Follow on from 01 Oct 08 APNIC Box – Linux on a Mikrotik 532a, Part 1
Custom Hardware Modifications
Here’s a labelled image of the inside of the device. You can also look towards the bottom left of the image for my simple solder modifications. Enlarge the image to see the labels.
1. External 2.4GHz/5GHz antenna. Same on opposite side.
2. 5V solder point
3. 5V connector for miniPCI USB card
4. 2x 2USB Headers. 1 Header in use providing 2x USB interfaces, one to regular host connector for mass storage or other usb connection. Other port for picoLCD on top
5. 512MB CF card
6. miniPCI USB controller
On the underside of the board there is a single miniPCI socket which houses an Atheros 5212 802.11a/b/g miniPCI card. It has two antenna outputs which run under the board and two the two external antennae. I haven’t taken a picture of this but if anyone really wants to see it, I will power down the device, get a picture of it and post it here.
What you’ll need to build you own
I’d really love you to build your own.
1x Serial female to female cable
1x CF Card (512MB) – get a decent brand
1x PicoLCD plus casing and cables
1x NEC Based miniPCI USB controller (http://www.aaeon.com/PD_Products_Detail_DCCAA0A1DF3344B7BB_928F5E62D5B04DB08D_61FB70F30078430581_TW_utf-8.html)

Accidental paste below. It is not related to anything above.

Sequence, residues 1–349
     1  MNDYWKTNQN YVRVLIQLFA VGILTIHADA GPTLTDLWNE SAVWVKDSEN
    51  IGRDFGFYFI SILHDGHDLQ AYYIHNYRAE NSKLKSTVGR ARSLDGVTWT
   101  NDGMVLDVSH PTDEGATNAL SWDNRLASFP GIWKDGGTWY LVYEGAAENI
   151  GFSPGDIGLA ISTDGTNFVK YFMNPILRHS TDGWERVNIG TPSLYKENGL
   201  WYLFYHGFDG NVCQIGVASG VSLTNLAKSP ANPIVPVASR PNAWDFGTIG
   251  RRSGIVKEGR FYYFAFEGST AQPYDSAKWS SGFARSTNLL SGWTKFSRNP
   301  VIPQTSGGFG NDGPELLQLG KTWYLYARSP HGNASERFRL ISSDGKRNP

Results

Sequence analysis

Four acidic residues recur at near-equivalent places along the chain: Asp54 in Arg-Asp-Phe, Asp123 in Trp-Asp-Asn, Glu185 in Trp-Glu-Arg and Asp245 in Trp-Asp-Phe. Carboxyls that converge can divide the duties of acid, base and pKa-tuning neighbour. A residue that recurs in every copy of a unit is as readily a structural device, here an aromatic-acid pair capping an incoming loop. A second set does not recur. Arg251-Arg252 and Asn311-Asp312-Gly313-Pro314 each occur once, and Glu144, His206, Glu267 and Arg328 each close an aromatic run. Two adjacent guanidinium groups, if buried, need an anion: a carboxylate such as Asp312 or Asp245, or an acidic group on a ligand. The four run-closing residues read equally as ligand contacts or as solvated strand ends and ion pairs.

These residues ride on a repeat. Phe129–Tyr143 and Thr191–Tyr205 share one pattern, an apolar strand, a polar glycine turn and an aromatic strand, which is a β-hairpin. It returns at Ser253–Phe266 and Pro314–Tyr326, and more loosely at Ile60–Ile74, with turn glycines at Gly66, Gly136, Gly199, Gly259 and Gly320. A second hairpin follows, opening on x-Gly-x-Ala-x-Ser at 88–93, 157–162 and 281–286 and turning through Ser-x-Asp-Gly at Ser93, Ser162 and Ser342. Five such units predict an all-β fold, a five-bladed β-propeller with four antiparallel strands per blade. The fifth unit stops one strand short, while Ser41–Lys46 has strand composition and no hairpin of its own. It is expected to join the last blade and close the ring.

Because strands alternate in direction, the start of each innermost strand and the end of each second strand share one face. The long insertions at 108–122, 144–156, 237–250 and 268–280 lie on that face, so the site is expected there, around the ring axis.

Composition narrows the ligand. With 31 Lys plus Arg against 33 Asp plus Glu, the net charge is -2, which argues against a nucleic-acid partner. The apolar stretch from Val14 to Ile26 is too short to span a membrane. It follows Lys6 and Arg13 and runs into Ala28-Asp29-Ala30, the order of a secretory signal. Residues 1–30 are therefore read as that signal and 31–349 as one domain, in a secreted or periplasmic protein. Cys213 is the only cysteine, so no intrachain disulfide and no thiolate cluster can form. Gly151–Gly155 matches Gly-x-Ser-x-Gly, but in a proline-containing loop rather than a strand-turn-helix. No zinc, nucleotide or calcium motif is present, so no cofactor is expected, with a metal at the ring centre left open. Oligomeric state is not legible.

1x RB532A casing
1x Atheros 5212 based miniPCI wifi
2x RB532A standard 2.4/5GHz omnidirectional antennae (mini snap connector)
Disclaimer: Don’t try and make these simple modifications to your board whereby you solder two wires to two pins. If you do, you will break your board and I can not take any responsibility for breaking your board with anything in this series(!)
Why the soldering?
The soldering is required for the miniPCI USB controller to provide active power to USB devices. The miniPCI socket provides the card itself with 3.3v which it needs to operate. It will work with active (powered) external USB devices with no problem however if our devices aren’t powered such as the USB memory stick plugged into the back USB port, or the picoLCD, then they will not function. USB devices require 5V to power and my electronic load tester showed that combined they didn’t need more than 90mA. I looked at the board for a safe point to draw 5V at ~200mA from. That way we’re sure we’re safe with the current requirements. The PoE connector leads the power pins into a regulator. (One of three small black three-legged components). Googling for this model shows that it was a 5V regulator, that provided sufficient current. We can conveniently access this regulator’s output via the two pins showing next to some jumpers on other pins. The + and GND connect to the USB power input + and GND pins. Great, the passive devices work.
Coming Next.. Getting Started, Installing Linux